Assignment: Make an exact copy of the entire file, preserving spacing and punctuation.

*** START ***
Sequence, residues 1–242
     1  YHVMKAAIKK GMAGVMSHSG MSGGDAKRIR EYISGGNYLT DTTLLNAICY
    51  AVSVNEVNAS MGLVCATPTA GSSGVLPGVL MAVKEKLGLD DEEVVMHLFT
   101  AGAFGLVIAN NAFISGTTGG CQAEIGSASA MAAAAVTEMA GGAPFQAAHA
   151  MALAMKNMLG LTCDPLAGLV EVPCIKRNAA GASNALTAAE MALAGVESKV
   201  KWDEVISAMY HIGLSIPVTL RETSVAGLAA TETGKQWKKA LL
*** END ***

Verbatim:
Sequence, residues 1–242
     1  YHVMKAAIKK GMAGVMSHSG MSGGDAKRIR EYISGGNYLT DTTLLNAICY
    51  AVSVNEVNAS MGLVCATPTA GSSGVLPGVL MAVKEKLGLD DEEVVMHLFT
   101  AGAFGLVIAN NAFISGTTGG CQAEIGSASA MAAAAVTEMA GGAPFQAAHA
   151  MALAMKNMLG LTCDPLAGLV EVPCIKRNAA GASNALTAAE MALAGVESKV
   201  KWDEVISAMY HIGLSIPVTL RETSVAGLAA TETGKQWKKA LL